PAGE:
Okay, I admit it; I don’t always come to a complete stop at stop signs. But there’s a dangerous behavior at stop signs I’ve observed on some group rides. A group of riders stop at a stop sign, perhaps to let another driver through, to let pedestrians cross, or for some other reason when another rider comes from behind, passes the stopped riders, and goes through the intersection without stopping. This behavior endangers him or herself, breeds ill will toward cyclists, and aggravates the stopped riders. When you see cyclists stopped at an intersection, you should always assume there is a reason and come to a full stop.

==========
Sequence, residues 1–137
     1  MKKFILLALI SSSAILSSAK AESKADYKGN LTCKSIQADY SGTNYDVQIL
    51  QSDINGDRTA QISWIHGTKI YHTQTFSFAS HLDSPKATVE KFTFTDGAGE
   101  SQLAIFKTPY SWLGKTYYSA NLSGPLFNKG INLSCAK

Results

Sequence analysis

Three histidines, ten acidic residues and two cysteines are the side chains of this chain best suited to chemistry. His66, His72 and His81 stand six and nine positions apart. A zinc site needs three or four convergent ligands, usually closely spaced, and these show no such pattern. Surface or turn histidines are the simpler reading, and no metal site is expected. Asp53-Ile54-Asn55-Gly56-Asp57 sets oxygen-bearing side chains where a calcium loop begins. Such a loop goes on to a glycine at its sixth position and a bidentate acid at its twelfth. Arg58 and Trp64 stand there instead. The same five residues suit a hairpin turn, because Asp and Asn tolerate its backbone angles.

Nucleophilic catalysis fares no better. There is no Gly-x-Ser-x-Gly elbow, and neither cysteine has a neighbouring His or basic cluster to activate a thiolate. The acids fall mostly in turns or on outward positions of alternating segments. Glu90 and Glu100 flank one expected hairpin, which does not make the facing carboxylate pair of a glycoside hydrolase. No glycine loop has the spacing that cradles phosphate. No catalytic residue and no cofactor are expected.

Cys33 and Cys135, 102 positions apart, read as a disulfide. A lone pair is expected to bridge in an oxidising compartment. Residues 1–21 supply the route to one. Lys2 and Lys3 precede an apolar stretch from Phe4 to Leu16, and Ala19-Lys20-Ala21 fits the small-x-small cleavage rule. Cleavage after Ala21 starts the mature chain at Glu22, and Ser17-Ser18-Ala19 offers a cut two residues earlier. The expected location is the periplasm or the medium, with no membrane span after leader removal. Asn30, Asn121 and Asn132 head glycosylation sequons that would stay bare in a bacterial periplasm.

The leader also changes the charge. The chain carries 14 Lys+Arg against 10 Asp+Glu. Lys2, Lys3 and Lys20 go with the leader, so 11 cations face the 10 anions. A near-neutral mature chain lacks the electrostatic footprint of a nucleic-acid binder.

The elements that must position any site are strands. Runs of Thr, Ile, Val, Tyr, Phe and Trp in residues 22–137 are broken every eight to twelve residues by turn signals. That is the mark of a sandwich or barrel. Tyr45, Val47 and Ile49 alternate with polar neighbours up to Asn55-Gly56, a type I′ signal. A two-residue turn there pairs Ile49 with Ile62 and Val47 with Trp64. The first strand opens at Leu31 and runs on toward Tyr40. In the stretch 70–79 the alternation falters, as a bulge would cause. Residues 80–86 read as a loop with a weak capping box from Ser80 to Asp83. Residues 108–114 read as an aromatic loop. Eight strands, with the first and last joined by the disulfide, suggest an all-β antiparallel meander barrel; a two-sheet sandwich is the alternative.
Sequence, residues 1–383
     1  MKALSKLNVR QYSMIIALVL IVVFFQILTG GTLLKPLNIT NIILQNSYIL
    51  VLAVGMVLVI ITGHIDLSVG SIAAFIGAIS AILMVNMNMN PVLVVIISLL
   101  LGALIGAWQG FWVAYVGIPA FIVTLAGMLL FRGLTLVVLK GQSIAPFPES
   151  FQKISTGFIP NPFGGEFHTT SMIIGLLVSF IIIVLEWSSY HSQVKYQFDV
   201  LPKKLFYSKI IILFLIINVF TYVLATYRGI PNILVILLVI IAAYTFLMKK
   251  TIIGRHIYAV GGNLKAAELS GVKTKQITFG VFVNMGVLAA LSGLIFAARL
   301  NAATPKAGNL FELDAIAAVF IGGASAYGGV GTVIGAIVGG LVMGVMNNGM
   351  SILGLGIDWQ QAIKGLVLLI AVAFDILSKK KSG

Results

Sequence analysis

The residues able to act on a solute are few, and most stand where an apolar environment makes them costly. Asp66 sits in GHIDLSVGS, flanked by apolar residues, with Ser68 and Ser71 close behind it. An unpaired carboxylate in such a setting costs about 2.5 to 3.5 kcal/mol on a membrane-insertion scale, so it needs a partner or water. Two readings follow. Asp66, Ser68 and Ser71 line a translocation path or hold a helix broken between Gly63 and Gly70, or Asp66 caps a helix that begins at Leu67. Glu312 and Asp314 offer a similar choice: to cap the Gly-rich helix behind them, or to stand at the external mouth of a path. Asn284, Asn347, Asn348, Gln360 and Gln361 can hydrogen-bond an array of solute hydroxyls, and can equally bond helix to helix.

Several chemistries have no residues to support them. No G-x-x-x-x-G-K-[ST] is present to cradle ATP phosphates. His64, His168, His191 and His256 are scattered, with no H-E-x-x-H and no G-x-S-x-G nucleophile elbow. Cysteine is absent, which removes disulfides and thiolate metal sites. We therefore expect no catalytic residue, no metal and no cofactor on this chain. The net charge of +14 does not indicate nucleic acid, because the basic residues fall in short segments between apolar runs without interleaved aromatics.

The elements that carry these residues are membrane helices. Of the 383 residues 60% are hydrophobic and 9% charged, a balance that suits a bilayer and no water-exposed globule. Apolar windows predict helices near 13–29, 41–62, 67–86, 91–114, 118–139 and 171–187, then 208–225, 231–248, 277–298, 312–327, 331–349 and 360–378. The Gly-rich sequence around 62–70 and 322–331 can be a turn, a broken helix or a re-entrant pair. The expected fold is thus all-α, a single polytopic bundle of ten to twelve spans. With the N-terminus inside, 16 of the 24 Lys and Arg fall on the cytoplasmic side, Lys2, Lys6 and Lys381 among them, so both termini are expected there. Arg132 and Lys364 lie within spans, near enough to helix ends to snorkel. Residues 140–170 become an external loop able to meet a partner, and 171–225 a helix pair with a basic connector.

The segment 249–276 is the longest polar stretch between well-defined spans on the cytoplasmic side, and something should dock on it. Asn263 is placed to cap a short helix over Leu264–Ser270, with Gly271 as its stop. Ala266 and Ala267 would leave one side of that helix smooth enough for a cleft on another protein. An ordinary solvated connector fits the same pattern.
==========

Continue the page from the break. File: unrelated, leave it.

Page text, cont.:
There’s a second dangerous behavior I’ve seen. Wheelers are typically quite good at calling “Car Back” when there is a car trying to pass a group of riders. But all too often, two or three people riding abreast fail to pull over into a single file formation to let the car pass. While there are times when taking over a lane is advisable, the default behavior should be to pause your conversation, pull to the right (of course, after checking there is room), and let the car pass.

      These behaviors may both come from the same root cause. Don’t let riding in a large group lull you into feeling cyclists own the road and can violate traffic rules or safe cycling practices. “Share the Road” works both ways, so even in a large group follow the same safe riding behavior as you would when riding by yourself or with one other person.

    • Sat, July 01, 2023 9:00 AM | Anonymous member (Administrator)

      It doesn’t matter whether it’s raining or the sun is shining  
      or whatever: as long as I’m riding a bike,  
      I know I’m the luckiest guy in the world.  
      ~ Mark Cavendish, British pro racer